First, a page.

I also hid my love for Star Trek because there weren’t kids my age who liked it and I was already bullied for Star Wars, so why even ask? It was pointless and I did not want to be subjected to another round of heartbreak. It was not until several years later that I came out of hiding with Star Trek and Star Wars. One of my father’s work colleagues had a daughter ten years older than I. Despite our age difference, we had so many life circumstances in common including a love of Star Wars and Star Trek. I can’t tell you how genuinely happy I was to discover another girl who loved both of these franchises much as I did. The floodgates opened and we chatted for hours, talking nonstop about Luke, Leia, and Han and Sulu, Uhura, and Chekov. That was 30 years ago. We remain close friends to this day and still go to see Star Wars and Star Trek movies together. I consider her a science fiction / fantasy kindred spirit and I have her to thank for introducing me to other awesome franchises, such as Doctor Who, Babylon 5, and Stargate SG-1.
Being a Fan in the Present Day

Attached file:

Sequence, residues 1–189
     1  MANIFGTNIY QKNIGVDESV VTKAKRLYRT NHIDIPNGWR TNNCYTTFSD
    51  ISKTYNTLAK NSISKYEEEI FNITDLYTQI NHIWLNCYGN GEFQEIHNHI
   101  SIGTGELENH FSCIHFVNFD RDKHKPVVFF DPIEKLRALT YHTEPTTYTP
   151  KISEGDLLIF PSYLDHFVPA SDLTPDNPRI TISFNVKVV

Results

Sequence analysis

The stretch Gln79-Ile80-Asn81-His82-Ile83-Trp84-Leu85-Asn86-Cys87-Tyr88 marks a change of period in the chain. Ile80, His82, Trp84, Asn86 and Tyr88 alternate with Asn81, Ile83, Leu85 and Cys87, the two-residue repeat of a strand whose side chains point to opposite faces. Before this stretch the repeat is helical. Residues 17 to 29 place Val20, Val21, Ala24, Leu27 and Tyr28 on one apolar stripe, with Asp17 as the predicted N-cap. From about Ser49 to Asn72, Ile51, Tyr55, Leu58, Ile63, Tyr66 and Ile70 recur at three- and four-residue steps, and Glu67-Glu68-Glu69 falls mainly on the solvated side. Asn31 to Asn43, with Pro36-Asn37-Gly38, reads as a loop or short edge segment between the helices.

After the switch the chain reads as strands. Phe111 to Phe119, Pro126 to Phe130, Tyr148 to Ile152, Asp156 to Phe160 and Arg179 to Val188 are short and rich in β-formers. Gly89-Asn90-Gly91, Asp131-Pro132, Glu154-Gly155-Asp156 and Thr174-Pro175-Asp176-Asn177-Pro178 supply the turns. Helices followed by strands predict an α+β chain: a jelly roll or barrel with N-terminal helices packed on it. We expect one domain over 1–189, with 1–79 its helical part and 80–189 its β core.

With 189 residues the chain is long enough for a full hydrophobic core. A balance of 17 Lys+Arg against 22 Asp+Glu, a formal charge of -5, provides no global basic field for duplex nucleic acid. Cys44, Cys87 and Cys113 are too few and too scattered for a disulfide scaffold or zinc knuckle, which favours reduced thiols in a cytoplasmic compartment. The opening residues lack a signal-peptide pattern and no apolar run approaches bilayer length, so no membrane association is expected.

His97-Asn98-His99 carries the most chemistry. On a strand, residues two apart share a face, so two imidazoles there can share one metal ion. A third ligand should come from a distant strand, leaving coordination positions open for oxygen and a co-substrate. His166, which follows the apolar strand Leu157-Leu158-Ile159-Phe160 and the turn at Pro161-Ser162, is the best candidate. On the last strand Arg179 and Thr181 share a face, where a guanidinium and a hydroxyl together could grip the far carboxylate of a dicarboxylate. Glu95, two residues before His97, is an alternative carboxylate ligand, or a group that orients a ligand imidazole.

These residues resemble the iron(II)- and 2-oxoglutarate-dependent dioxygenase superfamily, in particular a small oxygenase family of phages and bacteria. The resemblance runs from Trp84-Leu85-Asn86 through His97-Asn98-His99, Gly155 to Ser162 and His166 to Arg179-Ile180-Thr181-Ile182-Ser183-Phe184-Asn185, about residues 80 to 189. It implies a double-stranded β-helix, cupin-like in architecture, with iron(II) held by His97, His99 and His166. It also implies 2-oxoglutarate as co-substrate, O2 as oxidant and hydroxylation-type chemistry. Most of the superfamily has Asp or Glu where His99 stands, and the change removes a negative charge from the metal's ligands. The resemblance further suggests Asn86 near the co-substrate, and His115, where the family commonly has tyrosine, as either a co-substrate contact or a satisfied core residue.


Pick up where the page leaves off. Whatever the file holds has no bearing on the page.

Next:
Much has changed for the better over the past 30 years, especially for the Star Wars franchise. There are now also so many more entry points for fans of all ages to experience Star Wars across multiple mediums (film, animated series, books, comics, video games, virtual reality, and theme parks). Along those lines, I have to say it has been fantastic to witness the number of diverse characters grow exponentially, particularly with female characters. Star Wars now includes Padmé Amidala, Shmi Skywalker Lars, Rey, Ahsoka Tano, Maz Kanata, Satine Kryze, Bo Katan, Steela Gerrera, Korr Sella, Greer Sonnel, Hera Syndulla, Asajj Ventress, Sabine Wren, Ursa Wren, Norra Wexley, Shara Bey, Jyn Erso, Lyra Erso, the Nightsisters, Captain Phasma, Mother Talzin, Dr. Aphra, Ciena Ree, Rae Slone, Arihnda Pryce, Iden Versio, Rose Tico, Amilyn Holdo, and Kordi Freemaker. While their stories have been told (or will be told) in varying degrees, each of these female characters have been introduced in a medium. To say that I am thrilled is an understatement. In addition to female characters, there have been recent attempts to ethnically diversify with Finn, Poe Dameron, Saw Gerrera, Bodhi Rook, Cassian Andor, Baze Malbus, and Chirrut Îmwe. Of these characters, as a disabled Asian American, I connected to Chirrut Îmwe the most because it was refreshing to see an Asian character who wasn’t stereotypically portrayed as a villain and also overcame his blindness. There are now so many more seats at the table and I hope the trend continues because the galaxy is vast with infinite possibilities to tell stories from different perspectives.